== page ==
As a journalist, what does it take for you to say, of anyone, “Your performance is grossly unsatisfactory; you are unfit for the job you hold”? Your article is illustrated by the picture of someone who has been in charge of Uganda’s public Health services for decades. The analysis of Uganda’s health problems that you give is a recitation of data that was known twenty five years ago. The policy approaches you suggest are out of a textbook, they were also known decades ago. The national leadership has chosen to seek medical treatment abroad for themselves and their families while ignoring the rotten hospitals at home.

    You are probably too young to know this but there was a time when Uganda was the beacon country on the question of delivering medical services in a low income country; it even produced the standard textbooks on the matter.

    “not the fault of anyone” is a coward’s conclusion. You are saying you have no desire to take on the powerful who have openly stolen hundreds of millions of donor dollars; who get their own treatment abroad at public expense; who just don’t care.

    • ejakait engoraton

      YES, was going to say exactly the same thing, M 9 says that “it is not any ones fault” YET he goes on to say the mistakes are because of the policies we have in place. The government is responsible for policy, its not our grandparents in the villages.SO , if the policy is wrong, it is the person who has put the said policy in place who is wrong.

      IT is as simple as that in my book, that is why football managers are held responsible for the performance of a team even when they are NOT on the pitch.

      MIND you, the same people who do not want to take blame, are the same people who want to take credit when we win a gold medal in the Commonwealth games, even when their input was ZERO.

      SOMETIMES I wonder if M 9 passes his work to another person just to give him a second opinion about what he has written and to tell him if it all makes sense or not.

      AND the likes of MWENDA, either by design or by default, conveniently forget that even during all the so called bad years, we had private medical care side by side with public health care. In NGORA for instance, you had the missionary hospital, FREDA CARR hospital, next to the government hospital, and most times those who could afford the private went there, and these were the majority. Likewise , even in the government hospital, you had MASABA wing, which was private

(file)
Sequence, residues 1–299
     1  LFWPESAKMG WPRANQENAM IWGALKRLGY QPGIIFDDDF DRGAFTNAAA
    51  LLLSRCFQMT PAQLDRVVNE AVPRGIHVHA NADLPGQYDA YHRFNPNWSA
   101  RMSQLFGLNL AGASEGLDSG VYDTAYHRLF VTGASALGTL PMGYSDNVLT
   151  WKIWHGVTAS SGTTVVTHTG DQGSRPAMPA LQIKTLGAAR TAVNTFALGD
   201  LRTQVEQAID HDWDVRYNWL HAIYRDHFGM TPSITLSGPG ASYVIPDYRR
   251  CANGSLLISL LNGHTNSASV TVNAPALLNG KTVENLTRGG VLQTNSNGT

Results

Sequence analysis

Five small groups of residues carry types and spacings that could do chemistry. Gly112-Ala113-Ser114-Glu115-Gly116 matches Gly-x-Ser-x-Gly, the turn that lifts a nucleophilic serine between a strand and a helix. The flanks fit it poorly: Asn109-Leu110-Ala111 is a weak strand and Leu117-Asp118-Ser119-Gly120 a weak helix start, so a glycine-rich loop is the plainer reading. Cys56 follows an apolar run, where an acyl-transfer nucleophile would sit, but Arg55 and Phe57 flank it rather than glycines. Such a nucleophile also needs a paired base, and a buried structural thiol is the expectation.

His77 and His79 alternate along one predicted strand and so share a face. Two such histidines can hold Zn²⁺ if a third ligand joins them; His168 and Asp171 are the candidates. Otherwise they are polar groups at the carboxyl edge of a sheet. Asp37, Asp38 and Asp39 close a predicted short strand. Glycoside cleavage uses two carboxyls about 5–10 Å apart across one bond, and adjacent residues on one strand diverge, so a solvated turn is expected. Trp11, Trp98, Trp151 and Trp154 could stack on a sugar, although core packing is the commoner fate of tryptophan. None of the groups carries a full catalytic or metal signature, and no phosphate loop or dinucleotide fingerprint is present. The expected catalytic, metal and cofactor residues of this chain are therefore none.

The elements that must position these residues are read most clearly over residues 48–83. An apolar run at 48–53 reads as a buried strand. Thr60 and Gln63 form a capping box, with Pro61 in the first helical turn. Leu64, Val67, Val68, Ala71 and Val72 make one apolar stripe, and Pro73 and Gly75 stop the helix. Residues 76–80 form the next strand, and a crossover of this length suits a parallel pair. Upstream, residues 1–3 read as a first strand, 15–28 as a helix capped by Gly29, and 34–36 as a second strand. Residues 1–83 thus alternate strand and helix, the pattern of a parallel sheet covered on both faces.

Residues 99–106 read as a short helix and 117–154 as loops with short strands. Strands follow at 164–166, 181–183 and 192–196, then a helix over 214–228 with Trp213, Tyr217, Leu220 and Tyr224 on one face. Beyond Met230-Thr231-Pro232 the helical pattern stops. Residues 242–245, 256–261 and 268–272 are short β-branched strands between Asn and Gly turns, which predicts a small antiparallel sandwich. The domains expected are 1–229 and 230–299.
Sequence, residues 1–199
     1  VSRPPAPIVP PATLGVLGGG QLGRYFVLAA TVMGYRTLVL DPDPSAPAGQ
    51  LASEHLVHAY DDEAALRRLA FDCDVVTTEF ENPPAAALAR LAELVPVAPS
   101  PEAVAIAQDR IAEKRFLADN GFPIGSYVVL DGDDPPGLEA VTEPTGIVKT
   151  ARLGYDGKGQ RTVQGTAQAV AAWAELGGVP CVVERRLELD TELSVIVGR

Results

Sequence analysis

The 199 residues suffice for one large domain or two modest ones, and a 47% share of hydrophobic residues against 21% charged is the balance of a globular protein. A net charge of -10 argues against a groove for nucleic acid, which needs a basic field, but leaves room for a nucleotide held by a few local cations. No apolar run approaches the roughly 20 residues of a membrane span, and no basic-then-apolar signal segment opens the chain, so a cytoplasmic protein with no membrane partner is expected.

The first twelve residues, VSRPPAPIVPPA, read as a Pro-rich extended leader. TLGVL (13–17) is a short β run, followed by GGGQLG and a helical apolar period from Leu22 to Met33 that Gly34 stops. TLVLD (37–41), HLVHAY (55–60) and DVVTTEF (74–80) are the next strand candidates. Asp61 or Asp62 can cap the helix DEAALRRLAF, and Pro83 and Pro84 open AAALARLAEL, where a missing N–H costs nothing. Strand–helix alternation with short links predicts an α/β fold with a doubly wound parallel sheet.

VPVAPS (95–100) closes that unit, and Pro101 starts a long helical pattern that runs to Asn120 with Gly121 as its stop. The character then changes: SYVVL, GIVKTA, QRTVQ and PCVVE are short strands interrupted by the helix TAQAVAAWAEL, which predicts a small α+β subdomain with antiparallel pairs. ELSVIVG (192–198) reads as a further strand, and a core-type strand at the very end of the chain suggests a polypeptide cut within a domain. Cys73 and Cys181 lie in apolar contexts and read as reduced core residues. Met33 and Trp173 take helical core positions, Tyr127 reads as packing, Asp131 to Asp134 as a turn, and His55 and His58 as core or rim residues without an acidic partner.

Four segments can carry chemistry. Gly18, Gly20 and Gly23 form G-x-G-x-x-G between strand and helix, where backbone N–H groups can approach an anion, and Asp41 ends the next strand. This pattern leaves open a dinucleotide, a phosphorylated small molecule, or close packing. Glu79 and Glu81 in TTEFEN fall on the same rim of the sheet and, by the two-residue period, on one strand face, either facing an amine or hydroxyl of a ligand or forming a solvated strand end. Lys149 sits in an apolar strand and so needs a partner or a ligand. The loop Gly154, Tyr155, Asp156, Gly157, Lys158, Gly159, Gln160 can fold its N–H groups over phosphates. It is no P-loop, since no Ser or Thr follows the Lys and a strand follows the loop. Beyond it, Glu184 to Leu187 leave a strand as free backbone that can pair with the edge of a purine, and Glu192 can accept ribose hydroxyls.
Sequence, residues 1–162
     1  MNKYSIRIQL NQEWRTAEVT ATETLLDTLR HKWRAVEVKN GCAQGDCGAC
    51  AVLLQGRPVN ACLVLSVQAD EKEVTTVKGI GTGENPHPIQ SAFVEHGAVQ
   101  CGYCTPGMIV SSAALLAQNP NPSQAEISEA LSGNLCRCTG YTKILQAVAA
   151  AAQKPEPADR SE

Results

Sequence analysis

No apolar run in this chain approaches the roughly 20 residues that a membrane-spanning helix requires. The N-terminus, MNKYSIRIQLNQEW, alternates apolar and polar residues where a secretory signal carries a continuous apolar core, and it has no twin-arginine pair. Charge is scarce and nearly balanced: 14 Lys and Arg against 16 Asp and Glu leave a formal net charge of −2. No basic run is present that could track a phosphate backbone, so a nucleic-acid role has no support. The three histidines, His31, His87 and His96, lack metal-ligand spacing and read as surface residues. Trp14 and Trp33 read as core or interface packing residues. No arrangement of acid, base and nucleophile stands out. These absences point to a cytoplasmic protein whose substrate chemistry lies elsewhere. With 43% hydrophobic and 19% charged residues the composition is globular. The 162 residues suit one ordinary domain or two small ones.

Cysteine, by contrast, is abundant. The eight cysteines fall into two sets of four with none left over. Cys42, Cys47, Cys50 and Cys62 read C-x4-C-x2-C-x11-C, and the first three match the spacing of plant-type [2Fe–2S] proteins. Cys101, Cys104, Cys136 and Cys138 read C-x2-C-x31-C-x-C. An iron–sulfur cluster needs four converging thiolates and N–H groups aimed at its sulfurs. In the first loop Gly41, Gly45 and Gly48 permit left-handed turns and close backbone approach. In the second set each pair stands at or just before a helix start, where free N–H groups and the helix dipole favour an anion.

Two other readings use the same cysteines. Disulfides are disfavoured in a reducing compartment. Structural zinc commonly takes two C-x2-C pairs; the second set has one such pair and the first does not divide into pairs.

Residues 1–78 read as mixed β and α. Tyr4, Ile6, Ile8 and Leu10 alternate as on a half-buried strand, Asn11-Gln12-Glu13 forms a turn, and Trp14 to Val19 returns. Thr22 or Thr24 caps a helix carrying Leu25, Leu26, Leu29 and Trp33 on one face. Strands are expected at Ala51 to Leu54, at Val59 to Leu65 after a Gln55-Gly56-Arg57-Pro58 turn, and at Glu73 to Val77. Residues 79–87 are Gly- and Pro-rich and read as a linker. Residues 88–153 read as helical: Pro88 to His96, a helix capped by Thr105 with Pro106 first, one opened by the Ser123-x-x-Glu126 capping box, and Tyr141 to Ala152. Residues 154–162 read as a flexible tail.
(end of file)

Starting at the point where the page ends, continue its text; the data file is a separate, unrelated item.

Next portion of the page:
2. 1.A bird in hand is worth 2 in the bush;with reference to the Uganda’s health care system Ugandans who get medical care from government facilities are better off than those who pretend to get medical care from expensive private facilities why do i say so?Just go to any top privately owned medical hospital in Uganda yes the ambience may look like a hotel but they also rely on consultants from Mulago Hospital so why would a ugandan want to pay three hundred thousand shillings in a private hospital to treat cough yet he would get free medical treatment from Mulago?
    2.Those who opt to pay for medical services in private hospitals do so coz they care afford.
    3.NDA must be having quality assurance challanges for example, why would the dosage for treating malaria vary especially if the tablets are made in UK,India or Egypt?
    4.It would be good for govt to offer free medical insurance to those with complicated diseases like Cancer,Heart complications.
    5.Most private companies offer fringe benefits like medical insurance to its workers probaly to dodge taxes why do i say so on average a normal adult falls sick once in 5 or 10 years.
    6. Diseases like HIV can be avoided when men keep their pants on and women keep their legs closed.
    7.Ugandans have very poor working habits at times i think the wages govt offers is worth their work.
    8.DIGP Sabiiti we know you have have nice eyes but please bring some order in Munyonyo I know that people who live in Munyonyo always have dubious life styles but why would Byran White the new (Don/Sheriff in town) be allowed to be escorted to and from his home by a line of rowdy boda bodas, a police lead car for me once those goons hit my expensive car with their recklesness,i will sue police.